“Because this is probably the most unusual election in our lifetimes, the process was different than what I’m used to and for us,” Boas explained. “It really evolved over a year on our pages, a conversation with our readers. I don’t think any loyal reader of our editorial pages are that surprised that we endorse Clinton. For a year now we have been writing scalding editorials about Donald Trump.”
Boas also cited Trump’s mocking of New York Times reporter Serge Kovaleski’s disability. “I was just appalled by it,” he said. “He made fun of a disabled man, he mocked him. … To behave that way is disrespectful of the office. This became bigger than party, bigger than team.”
Asked why they chose to endorse Clinton and not just decline to endorse a candidate, he said, “She conducts herself in a way that’s responsible, she is not going to scare off our allies and create an international incident.”
While newspaper endorsements are seen as having less impact in recent years, political and newspaper observers said such sharp changes in these normally conservative publications could be influential.
“This is hugely significant,” said Poynter Institute President Tim Franklin, a former editor and editorial board member of the Indianapolis Star, The Orlando Sentinel and Baltimore Sun. “Most newspapers develop a core set of beliefs and values and then they stick to those core beliefs and values for years. That is a covenant with the audience.”
Citing the key undecided voters, Franklin added, “These endorsements could have an impact on what seems to be a very small undecided group.”
Larry J. Sabato, director of the Center for Politics at the University of Virginia, also saw the potential for an impact if more conservative papers go with Clinton.
“They are attracting lots of attention, for sure,” Sabato said via email. “If enough GOP papers endorse their first Democratic presidential candidate ever, that might cause some voters to ask a logical question: Why is this happening. The answer is obvious: Donald Trump.”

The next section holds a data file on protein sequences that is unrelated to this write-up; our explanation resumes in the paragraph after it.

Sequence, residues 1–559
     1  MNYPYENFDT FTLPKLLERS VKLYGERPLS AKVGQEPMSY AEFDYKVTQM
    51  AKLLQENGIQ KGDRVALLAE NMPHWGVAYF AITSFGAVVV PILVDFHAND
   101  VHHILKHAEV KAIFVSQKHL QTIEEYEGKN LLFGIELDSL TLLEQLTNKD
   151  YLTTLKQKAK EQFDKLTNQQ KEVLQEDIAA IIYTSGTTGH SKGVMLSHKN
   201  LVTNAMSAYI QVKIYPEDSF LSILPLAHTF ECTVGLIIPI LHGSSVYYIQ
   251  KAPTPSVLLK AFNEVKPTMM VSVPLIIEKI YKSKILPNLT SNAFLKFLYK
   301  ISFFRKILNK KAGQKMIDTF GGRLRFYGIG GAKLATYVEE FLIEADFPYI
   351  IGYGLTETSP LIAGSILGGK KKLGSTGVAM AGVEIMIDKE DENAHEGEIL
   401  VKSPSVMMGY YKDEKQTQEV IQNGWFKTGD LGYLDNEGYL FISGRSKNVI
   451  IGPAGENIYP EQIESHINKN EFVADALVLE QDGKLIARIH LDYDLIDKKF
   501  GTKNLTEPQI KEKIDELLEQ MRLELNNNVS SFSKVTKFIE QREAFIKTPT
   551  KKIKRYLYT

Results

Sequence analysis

Matt Dallek, associate professor at the George Washington University’s Graduate School of Political Management, said the endorsement switch can be impactful.
“It is newsworthy that in some cases, like the Arizona Republic, it is the first time they haven’t endorsed a Republican and that I think generates additional stories, additional attention beyond the editorials themselves,” Dallek said. “Even voters who don’t necessarily see that headline, it gins up attention in subsequent stories and people hear about it.”
He added, “These endorsements from these newspapers will likely have more impact than, say, Henry Paulson writing an Op-Ed saying he’s voting for Clinton. I’m not sure that really penetrates with people in places like Ohio like it does coming from the hometown paper.
David Yepsen, former Des Moines Register political columnist, said, “One thing Trump has to do is get moderate and wavering Republicans to ‘come home.’ When Republican papers endorse Hillary Clinton, those endorsements become something that might continue to give those Republicans pause about him.”
David Boardman, a former Seattle Times editor and currently dean of the School of Media and Communication at Temple University, said, “It reflects something about how most opinion journalists see this election, clearly their level of distaste for Trump is compelling them to take positions different from what they did in the past.”
Among those known for a long history of Republican presidential support who have yet to offer their choice are The Indianapolis Star and The Orange County Register. The Wall Street Journal does not normally endorse in presidential races.
USA Today, which has “never taken sides” in a presidential race before, declared Trump “unfit for the presidency” in an editorial this morning.
Photo: U.S. Republican presidential candidate Donald Trump reacts to supporters as he arrives to a campaign event in Radford, Virginia February 29, 2016. REUTERS/Chris Keane